a mixed bag for consumers. The new rules—which haven’t been released in
    full—say that land-line broadband providers can’t block legal content from
    websites, or “unreasonably discriminate” against companies like Skype
    or Netflix that want to use broadband networks to provide video or voice
    services. They also require providers to give consumers

But the rules come with some wiggle room for the
industry. Service providers will be allowed to engage in “reasonable
network management” to cope with congestion on their systems.

Wireless companies are less restricted by the new rules—a
win for the industry because consumers are increasingly accessing the web using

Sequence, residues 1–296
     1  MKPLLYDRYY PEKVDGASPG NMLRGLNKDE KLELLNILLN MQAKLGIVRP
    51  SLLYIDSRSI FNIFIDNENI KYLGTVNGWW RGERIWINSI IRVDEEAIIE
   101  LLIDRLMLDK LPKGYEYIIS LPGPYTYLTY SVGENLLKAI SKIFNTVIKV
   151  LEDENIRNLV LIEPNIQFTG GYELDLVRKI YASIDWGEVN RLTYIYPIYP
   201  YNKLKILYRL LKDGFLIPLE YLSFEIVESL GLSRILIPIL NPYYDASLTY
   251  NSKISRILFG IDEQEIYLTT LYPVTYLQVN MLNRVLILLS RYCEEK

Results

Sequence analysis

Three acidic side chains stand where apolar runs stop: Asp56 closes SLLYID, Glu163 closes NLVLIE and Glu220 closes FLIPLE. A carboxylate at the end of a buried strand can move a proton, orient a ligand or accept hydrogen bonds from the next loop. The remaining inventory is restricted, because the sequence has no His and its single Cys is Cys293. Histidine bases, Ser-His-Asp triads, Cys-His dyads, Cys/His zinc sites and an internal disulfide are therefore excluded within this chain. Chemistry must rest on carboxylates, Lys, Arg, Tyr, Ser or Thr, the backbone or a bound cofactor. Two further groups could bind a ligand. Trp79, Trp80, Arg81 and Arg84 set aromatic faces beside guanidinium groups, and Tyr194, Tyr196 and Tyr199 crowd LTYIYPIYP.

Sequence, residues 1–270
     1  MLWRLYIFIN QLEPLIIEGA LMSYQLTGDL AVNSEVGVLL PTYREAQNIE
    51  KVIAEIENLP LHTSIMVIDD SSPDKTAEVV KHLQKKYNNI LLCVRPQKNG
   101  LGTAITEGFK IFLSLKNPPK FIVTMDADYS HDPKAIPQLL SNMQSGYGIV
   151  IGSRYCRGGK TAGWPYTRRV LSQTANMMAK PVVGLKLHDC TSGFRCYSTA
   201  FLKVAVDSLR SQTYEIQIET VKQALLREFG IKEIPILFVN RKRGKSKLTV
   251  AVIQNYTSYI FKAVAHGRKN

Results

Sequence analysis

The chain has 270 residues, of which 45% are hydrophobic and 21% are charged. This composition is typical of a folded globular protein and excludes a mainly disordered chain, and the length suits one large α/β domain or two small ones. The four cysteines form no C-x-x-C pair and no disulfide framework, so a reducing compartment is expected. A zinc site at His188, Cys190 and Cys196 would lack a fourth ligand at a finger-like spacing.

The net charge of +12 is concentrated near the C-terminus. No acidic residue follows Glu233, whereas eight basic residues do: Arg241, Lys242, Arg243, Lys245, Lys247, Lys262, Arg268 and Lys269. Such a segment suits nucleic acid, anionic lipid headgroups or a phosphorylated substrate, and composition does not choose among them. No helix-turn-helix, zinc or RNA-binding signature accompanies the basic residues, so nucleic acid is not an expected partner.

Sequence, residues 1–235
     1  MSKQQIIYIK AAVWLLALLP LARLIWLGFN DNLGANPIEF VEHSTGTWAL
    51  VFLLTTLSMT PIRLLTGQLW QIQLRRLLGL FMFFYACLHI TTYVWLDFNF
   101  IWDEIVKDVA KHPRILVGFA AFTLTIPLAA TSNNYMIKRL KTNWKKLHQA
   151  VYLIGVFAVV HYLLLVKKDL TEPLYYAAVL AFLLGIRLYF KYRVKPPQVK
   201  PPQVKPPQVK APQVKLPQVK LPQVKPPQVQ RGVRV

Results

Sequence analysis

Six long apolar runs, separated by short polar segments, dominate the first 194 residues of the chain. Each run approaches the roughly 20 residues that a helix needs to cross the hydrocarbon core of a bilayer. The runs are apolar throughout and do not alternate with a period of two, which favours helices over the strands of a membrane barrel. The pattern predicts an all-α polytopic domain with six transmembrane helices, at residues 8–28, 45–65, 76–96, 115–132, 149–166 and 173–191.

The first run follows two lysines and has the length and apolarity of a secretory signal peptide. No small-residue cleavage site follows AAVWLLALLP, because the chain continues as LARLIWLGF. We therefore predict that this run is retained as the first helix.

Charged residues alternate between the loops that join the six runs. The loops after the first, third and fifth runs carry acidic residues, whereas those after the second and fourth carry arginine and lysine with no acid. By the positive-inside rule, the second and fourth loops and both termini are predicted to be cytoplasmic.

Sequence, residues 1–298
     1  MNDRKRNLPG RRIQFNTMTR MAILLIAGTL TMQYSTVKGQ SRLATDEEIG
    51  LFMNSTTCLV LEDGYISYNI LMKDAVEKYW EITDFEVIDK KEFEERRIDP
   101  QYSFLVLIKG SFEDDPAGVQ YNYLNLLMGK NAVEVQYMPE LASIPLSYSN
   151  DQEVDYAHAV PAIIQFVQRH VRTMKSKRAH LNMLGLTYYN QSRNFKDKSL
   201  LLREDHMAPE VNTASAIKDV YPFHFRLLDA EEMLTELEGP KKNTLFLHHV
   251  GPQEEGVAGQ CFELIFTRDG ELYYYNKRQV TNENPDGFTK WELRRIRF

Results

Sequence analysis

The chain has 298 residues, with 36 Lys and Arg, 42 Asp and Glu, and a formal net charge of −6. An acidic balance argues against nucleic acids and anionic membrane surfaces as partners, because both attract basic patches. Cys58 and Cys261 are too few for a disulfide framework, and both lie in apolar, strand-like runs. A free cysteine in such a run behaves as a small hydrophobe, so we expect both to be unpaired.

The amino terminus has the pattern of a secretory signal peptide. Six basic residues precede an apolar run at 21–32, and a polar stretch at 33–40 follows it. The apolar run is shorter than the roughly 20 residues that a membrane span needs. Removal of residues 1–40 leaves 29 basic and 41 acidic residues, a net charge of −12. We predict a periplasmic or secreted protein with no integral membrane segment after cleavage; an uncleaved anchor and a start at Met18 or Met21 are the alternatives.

hand-held devices such as iPhones or Blackberries. Mr. Genachowski said mobile
carriers faced more congestion issues than other companies and need more leeway
to manage their networks.

Wireless companies would be prohibited from blocking
Internet voice services but they could block access to many other applications,
citing congestion issues.

Reaction the FCC’s rules was mixed. AT&T Inc. said
the rules were “not ideal” but would bring some “market
certainty so that investment and job creation can go forward.” Verizon
said it was “deeply concerned” because it didn’t think the rules were
needed. A coalition of Internet companies including Google said the rules were
a good first step but stronger regulations on wireless networks were needed to
ensure the same rules apply to both wired and wireless Internet.

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Bloomberg News